heighten awareness of the issues therefore building a case for reform. They
should familiarise themselves with Government, stakeholder and Parliamentary
views in relation to potential new projects.
lead efforts to bring about implementation of the Commission’s reports,
including meeting with Ministers or persuading key stakeholders to support
recommendations and make the case for change. Where legislation is involved,
Commissioners ensure that they are aware of relevant Parliamentary matters,
including use of the Special Procedure for uncontroversial Law Commission
Bills, and are confident in liaising with in-house Parliamentary Counsel about
possible mechanisms for taking forward legislation.
also have responsibility for the portfolio of completed projects which they
inherit from their predecessors, including efforts to bring about implementation
of that work.
spend a considerable proportion of their time building external relationships
relevant to their portfolio; they are the outward ‘face’ of their projects.
This involves leading key meetings, attending Ministerial meetings, and
speaking at events and with the press. They engage directly with senior
stakeholders with influence over their projects. They will be open to the use
of social media.
also act as a ‘salesperson’ for the Commission more generally, delivering
speeches or attending relevant external events to create a public profile for
the Commission across their areas of law and the wider work of the
organisation. Commissioners build relationships with Parliament, especially
relevant All Party Parliamentary Groups or interested Members. Commissioners
establish strong links with key opinion-forming groups, with academia and the
judiciary. They should regularly attend receptions and conferences.
relationship between the Commission and Wales is of particular importance. The
Commissioner will be expected to be pro-active in developing working relations
with the Government of Wales and the Senedd.
They will also work closely with the Commission’s Wales Advisory Group.
The Commissioner is not required be familiar with Welsh devolved law as a
whole, but will need to develop a general knowledge of the principles of
devolved legislative competence.
to have maximum impact, Commissioners must be able to adapt tone and style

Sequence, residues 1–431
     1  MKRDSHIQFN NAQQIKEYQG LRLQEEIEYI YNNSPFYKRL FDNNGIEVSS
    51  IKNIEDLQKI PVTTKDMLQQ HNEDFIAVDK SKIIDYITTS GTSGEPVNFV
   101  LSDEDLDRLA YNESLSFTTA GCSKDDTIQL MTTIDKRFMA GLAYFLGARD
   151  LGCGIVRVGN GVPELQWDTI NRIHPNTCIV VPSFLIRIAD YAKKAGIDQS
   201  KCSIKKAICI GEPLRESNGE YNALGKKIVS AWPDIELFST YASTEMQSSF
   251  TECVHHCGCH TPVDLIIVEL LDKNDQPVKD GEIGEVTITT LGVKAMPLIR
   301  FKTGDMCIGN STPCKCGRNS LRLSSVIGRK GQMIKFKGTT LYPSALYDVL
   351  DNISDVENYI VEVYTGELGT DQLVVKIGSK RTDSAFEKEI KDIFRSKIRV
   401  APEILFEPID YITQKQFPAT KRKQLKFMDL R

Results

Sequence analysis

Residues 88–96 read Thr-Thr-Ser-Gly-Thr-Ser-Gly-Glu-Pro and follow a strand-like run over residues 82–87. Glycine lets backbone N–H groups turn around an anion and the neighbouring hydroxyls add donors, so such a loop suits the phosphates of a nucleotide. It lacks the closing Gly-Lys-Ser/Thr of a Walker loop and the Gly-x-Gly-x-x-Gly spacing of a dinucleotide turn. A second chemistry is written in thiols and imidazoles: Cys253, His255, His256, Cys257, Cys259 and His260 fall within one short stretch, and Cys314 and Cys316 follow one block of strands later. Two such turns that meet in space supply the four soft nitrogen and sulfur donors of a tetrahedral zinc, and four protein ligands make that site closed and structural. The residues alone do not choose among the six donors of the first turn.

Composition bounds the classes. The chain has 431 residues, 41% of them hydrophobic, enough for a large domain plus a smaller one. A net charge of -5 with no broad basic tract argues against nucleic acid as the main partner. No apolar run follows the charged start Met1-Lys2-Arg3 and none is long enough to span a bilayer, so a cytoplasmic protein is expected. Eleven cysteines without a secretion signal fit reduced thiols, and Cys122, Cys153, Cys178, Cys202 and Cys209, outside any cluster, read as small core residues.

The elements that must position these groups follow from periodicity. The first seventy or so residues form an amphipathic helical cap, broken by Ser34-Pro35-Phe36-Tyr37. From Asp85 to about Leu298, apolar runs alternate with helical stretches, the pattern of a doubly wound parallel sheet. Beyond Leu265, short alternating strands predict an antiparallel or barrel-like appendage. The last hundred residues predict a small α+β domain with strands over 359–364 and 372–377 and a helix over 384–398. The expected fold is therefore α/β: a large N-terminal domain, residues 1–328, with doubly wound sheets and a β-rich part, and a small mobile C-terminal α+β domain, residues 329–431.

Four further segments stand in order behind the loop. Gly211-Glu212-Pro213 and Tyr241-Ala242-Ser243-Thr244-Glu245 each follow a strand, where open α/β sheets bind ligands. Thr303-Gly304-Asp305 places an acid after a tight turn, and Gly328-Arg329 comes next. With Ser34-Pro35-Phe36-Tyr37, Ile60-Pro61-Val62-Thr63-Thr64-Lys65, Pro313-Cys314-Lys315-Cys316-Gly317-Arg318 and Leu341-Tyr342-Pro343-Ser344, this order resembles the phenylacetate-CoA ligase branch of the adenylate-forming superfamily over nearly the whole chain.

depending on the audience, explaining difficult legal concepts in plain
English. They should always have sufficient knowledge of the subject matter to
represent the Commission authoritatively. Commissioners should be comfortable
talking to the media (with appropriate training where necessary).
play an active part in Peer Review, the process by which all Law Commission
consultation papers and reports are agreed and published. The focus is on
ensuring that the legal policies under consideration are robust, well-reasoned,
supported by evidence and in keeping with the values of the Commission.
Commissioners respond to papers according to the agreed timetables. The
relevant Commissioner is accountable for their team’s work during peer review
discussions, though in many cases the lead team lawyer will also play a key
also make a full contribution to meetings of the Board of the Law Commission,
ensuring they are familiar with Board papers. They should be comfortable
talking about project and programme management; staffing issues; and budgets.
They should be able to lead discussions about strategic issues affecting their
own team’s work confidently to the Board, making recommendations in a
non-partisan, non-defensive way. Commissioners are expected to take collective
decisions for the benefit of the Commission as a whole, putting aside the
interests of their team.
need to be comfortable using IT and willing to manage their own diaries.